Renting After Bankruptcy: Five Surprising Things You Need To Know

12 March 2015
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Having a bankruptcy on your credit report can make it hard to get loans or even rent apartments, but a bankruptcy doesn't necessarily preclude you from either of these activities. If you are thinking about declaring bankruptcy and wondering how it may affect your ability to rent a new place, here are five surprising things you may want to know:

1. Many people buy homes after bankruptcy so renting is definitely possible

A bankruptcy stays on your credit report for ten years, but this blemish does not necessarily stop people from getting credit or rentals. In fact, within three years after declaring bankruptcy, nearly 3.5 percent of filers have obtained a mortgage.

If people are able to get mortgages that quickly, you can certainly find someone to rent to you, and in fact, there is statistical proof that people can get approved for rentals after declaring bankruptcy.

2. Nearly half of bankruptcy filers rent homes or apartments after declaring bankruptcy

Many people who declare bankruptcy already own homes, and as mortgages are protected, these people are able to stay in their homes after declaring bankruptcy. Of the people who do not currently own a home or buy a new one after bankruptcy, nearly half of them sign a lease on a new rental.

The half who do not sign leases are in a range of situations. Some of them continue their current lease, and thus, do not need to sign a new one. Others move into homes owned by family or friends and rent from them without signing formal leases. Others stay with family and friends.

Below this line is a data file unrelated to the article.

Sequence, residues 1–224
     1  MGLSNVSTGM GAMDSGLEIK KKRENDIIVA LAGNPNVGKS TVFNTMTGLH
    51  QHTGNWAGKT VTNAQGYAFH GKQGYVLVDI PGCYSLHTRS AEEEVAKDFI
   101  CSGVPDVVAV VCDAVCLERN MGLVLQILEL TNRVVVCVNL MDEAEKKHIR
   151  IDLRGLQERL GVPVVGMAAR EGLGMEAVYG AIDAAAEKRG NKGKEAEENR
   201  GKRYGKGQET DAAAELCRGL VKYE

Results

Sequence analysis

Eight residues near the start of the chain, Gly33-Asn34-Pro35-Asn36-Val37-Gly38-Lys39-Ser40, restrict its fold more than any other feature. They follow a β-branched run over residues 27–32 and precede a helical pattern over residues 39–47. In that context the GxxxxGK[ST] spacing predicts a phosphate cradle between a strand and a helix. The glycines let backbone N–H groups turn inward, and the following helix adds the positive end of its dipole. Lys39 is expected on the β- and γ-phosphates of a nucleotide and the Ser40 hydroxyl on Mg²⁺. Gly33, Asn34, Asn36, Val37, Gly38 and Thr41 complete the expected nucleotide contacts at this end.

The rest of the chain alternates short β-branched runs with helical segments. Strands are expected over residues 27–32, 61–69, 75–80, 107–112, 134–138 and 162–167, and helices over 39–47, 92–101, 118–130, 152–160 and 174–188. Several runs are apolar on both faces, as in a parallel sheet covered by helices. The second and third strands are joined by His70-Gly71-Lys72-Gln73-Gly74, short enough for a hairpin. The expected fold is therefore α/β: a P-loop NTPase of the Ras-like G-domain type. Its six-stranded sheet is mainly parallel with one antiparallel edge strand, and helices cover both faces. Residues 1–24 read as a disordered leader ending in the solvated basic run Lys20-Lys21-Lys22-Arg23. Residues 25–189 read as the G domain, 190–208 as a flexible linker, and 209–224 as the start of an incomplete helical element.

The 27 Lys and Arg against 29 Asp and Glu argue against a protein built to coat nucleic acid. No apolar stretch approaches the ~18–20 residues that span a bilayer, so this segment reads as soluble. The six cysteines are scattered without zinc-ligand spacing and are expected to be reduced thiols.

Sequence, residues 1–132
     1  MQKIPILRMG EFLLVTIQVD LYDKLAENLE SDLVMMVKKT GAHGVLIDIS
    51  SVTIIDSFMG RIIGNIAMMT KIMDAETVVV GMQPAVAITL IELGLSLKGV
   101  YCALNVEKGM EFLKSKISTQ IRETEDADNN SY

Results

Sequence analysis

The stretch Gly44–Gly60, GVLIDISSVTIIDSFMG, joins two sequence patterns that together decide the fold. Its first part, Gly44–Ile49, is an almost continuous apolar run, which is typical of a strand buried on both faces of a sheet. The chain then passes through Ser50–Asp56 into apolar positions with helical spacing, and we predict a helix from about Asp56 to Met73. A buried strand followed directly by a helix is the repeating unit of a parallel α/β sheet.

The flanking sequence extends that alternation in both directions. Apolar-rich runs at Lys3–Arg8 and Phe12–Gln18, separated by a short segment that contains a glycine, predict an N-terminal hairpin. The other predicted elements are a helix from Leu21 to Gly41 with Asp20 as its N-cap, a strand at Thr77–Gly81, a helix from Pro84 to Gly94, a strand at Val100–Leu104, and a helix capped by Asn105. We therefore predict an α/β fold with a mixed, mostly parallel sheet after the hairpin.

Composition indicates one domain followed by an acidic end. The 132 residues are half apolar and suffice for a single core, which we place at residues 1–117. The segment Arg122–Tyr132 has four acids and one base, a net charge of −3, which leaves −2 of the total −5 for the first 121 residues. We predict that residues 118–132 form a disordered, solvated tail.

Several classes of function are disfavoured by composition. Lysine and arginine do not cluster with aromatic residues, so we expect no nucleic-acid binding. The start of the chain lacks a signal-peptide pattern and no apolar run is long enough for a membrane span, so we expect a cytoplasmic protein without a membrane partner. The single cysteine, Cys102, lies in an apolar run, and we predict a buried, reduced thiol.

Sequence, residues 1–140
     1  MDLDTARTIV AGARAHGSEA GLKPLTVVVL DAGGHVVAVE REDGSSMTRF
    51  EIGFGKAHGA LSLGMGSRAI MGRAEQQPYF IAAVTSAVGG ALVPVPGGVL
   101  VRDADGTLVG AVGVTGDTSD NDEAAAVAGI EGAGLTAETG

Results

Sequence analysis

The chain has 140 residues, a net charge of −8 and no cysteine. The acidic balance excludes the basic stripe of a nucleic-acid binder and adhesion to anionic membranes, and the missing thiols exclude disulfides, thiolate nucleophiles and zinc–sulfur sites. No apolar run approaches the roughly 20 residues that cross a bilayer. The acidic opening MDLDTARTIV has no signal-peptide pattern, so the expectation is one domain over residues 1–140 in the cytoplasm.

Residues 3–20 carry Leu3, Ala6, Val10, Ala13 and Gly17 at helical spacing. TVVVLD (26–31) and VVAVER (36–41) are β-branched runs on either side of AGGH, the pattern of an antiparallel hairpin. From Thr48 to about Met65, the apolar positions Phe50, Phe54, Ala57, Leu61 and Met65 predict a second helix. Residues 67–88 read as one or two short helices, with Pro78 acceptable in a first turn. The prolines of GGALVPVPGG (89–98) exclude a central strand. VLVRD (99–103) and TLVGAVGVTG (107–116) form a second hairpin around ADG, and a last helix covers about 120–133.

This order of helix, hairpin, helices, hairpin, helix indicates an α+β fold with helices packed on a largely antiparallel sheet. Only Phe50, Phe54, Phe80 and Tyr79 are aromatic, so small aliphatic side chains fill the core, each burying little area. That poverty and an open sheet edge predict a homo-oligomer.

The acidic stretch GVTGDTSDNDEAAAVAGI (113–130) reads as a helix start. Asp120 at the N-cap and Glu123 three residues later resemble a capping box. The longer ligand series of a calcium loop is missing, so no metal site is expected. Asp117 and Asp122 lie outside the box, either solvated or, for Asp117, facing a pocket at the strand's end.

Typically,  the people who sign a new lease do so out of two possible scenarios. They either find landlords who do not check their credit history, or they find landlords who see bankruptcy in a positive light.  

3. Some landlords do not check renter's credit histories

Landlords want someone who will pay the rent on time and take reasonable care of the property. They want to see positive rental history and personal references. If you have that, you can often find an independent landlord who is willing to rent to you. However, even if a landlord wants to see your credit history, he or she may see the bankruptcy in a positive light.

4. Some landlords see bankruptcies in a positive light

Some landlords refuse to rent to people with bankruptcies on their credit reports, but others do not mind as much. In fact, they may see a bankruptcy in a positive light. As your debts have been discharged through the bankruptcy, the landlord may feel relieved that you have no outgoing monthly debt obligations – therefore, you are more likely to have the cash you need to pay the rent, provided you have sufficient earnings.

Additionally, the landlord doesn't have to worry about any possible garnishments. In contrast, if you have a lot of unpaid, ignored debts on your credit report – as you may have now – the landlord may worry about those debts resurfacing.

5. Landlords look at how you have handled your debts since bankruptcy

If you have declared bankruptcy, the landlord is likely to see how you have handled your debts after the bankruptcy. If you have paid your bills on time since the bankruptcy, it shows that you took advantage of the bankruptcy during a difficult time and then improved how you handled debt.

Keep in mind that credit reports also show any credit inquiries – if you have just declared bankruptcy, do not immediately apply for a credit card or loan. Having the inquiry on your report can make you look irresponsible or financially unstable to potential landlords. Also, if you are undergoing a bankruptcy and want to make sure you can bounce back afterward, consider contacting a bankruptcy attorney.